Book Image

Game Development with Three.js

By : Isaac Sukin
Book Image

Game Development with Three.js

By: Isaac Sukin

Overview of this book

The advent of WebGL and its inclusion in many browsers enabled JavaScript programs running in a web browser to access the GPU without a plugin or extension. Three.js is a next generation high-level library that makes it possible to author complex 3D computer animations that display in the browser using nothing more than a simple text editor. The development of these new tools has opened up the world of real-time 3D computer animations to a far broader spectrum of developers. Starting with how to build 3D games on the web using the Three.js graphics library, you will learn how to build 3D worlds with meshes, lighting, user interaction, physics, and more. Along the way, you'll learn how to build great online games through fun examples. Use this book as a guide to embrace the next generation of game development! Moving on from the basics, you will learn how to use Three.js to build game worlds using its core components, including renderers, geometries, materials, lighting, cameras, and scenes. Following on from this, you will learn how to work with mouse and keyboard interactions, incorporate game physics, and import custom models and animations. You will also learn how to include effects like particles, sounds, and post-processing. You will start by building a 3D world, and then create a first person shooter game using it. You will then be shown how to imbue this FPS game with a “capture the flag” gameplay objective. With Game Development with Three.js, you will be able to build 3D games on the Web using the Three.js graphics library.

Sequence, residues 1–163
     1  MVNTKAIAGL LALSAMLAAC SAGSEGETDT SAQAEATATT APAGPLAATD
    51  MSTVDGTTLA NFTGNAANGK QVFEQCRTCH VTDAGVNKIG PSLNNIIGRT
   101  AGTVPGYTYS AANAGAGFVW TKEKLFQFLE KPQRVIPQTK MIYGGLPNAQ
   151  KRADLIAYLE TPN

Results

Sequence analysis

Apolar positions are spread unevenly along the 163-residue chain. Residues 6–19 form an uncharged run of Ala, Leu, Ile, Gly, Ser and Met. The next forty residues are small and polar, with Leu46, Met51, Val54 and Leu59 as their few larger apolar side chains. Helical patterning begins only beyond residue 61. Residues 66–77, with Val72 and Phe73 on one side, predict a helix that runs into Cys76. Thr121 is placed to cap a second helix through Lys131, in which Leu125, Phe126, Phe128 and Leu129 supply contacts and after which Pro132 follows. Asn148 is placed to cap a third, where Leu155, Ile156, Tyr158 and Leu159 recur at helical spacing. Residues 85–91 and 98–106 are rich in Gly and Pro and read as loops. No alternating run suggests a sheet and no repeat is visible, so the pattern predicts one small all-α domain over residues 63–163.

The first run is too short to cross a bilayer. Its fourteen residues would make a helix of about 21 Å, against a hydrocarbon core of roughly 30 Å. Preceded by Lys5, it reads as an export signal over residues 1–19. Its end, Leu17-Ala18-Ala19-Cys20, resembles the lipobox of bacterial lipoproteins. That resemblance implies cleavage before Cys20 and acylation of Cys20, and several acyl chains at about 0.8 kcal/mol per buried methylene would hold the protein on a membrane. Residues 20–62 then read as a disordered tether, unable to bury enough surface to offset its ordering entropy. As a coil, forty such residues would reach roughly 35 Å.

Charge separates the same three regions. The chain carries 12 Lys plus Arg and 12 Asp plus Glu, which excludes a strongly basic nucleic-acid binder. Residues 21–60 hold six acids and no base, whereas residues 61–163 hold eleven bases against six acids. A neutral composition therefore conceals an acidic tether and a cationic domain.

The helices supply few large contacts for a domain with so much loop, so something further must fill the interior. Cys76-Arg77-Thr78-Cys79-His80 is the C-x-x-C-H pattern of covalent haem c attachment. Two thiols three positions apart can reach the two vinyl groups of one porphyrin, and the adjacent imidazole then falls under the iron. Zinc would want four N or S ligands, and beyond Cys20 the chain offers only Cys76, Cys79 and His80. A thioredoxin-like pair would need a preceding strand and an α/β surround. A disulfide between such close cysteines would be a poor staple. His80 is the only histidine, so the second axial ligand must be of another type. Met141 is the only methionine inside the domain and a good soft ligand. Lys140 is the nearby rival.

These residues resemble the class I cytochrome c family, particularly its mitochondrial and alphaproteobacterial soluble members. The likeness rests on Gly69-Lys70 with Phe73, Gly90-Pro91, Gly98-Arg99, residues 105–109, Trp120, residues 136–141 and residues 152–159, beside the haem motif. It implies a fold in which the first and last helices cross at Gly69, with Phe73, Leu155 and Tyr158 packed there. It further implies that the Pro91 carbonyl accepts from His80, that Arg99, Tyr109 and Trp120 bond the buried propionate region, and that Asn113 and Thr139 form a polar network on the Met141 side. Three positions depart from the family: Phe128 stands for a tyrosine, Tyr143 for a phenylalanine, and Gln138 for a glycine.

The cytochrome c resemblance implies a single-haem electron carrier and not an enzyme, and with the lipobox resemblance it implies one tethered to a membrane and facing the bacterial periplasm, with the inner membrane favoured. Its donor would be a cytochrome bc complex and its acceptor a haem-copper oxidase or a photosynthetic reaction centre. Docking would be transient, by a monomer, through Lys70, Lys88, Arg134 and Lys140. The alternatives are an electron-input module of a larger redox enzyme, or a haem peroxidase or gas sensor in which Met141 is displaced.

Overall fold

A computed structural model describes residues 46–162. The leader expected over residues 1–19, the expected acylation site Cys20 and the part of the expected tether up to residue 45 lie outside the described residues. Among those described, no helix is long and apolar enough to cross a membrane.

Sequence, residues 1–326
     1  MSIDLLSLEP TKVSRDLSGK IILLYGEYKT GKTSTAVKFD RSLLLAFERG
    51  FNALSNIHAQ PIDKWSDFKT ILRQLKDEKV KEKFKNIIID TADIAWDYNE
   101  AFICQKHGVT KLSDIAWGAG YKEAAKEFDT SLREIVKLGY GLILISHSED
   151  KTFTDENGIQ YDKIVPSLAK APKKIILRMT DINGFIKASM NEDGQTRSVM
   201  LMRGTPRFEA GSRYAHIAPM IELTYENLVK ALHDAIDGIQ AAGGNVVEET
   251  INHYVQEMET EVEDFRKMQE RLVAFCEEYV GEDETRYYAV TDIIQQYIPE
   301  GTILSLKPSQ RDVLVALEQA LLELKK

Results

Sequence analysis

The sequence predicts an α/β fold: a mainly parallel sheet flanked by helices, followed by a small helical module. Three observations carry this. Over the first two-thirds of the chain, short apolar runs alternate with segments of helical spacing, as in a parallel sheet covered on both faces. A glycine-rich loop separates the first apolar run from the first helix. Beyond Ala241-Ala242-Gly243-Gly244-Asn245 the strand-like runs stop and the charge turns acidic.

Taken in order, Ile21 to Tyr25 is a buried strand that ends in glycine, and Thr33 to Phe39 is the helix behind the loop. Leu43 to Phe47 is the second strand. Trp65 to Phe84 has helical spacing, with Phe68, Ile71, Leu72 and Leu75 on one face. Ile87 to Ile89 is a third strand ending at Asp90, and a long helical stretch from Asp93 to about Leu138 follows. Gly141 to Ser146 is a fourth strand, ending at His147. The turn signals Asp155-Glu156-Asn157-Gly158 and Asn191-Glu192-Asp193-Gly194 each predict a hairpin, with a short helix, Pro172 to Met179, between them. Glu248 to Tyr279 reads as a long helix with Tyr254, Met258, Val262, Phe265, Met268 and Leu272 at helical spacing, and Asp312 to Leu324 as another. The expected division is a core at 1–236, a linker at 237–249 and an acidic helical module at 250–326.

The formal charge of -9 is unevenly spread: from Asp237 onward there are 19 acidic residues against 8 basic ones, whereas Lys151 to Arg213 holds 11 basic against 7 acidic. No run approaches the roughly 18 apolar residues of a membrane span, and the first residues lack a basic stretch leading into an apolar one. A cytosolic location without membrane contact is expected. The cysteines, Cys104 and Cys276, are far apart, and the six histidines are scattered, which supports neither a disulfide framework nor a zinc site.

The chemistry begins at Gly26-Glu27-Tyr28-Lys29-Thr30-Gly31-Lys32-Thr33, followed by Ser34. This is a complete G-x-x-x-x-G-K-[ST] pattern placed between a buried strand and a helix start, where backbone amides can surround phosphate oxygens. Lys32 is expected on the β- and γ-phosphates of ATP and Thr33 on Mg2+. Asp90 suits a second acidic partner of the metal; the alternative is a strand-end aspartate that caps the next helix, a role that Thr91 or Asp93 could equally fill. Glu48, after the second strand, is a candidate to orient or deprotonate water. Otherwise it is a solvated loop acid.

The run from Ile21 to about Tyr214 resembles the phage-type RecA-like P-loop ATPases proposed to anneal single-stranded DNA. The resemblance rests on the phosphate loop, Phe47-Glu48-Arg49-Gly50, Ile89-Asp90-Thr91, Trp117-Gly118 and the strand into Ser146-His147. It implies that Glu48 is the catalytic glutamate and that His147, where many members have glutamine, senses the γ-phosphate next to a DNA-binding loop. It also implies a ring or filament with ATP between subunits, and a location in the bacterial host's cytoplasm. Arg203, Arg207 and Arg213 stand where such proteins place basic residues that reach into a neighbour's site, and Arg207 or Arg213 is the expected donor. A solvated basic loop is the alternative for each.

Table of Contents (12 chapters)

Choosing your environment

The Google Chrome browser is usually considered to be on the leading edge of WebGL support, so many Three.js developers work mainly in either the latest stable version of Chrome or the alpha-release branch, named Canary. Chrome has a lot of other advantages too, such as advanced performance profiling, the ability to emulate touch events, and support for inspecting canvas frames. (You can access these features through the Chrome Developer Tools settings. Canvas inspection is explained well at If you want to experiment with WebGL features that are still in development, you can enable some of them in Canary's about:flags page.

When it comes to coding, the online Three.js editor is great for testing small, isolated concepts, but it quickly gets cumbersome for more complex projects. Most programming environments have solid JavaScript support, but some are better than others.

Chrome also has a script-editing environment that works well for some people. If you open the Chrome Developer Tools (Ctrl / Cmd + Shift + I) and switch to the Sources tab, you can configure Chrome to edit files from your local filesystem. This environment includes syntax highlighting, debugging, autocompletion, source mapping for minified files, revision control that visually shows changes, and the ability to run the code instantly without reloading the page. Additionally, you can store snippets for reuse as described at

You can see what the editor looks like in the following screenshot:

Google Chrome Developer Tools

If you prefer to work outside of the Chrome editor, it can be tedious to constantly switch windows and reload the page. There are several tools that attempt to solve this. LiveReload ( and ( are the best known; they are browser extensions that automatically reload the page when you save a file. You may also want to try LightTable (, an experimental IDE that also autoreloads and additionally includes tools for visually manipulating your code.

If you use Sublime Text as your editor, you can install autocompletion support for Three.js commands through the package manager or from the Three.js repository itself (in /utils/editors).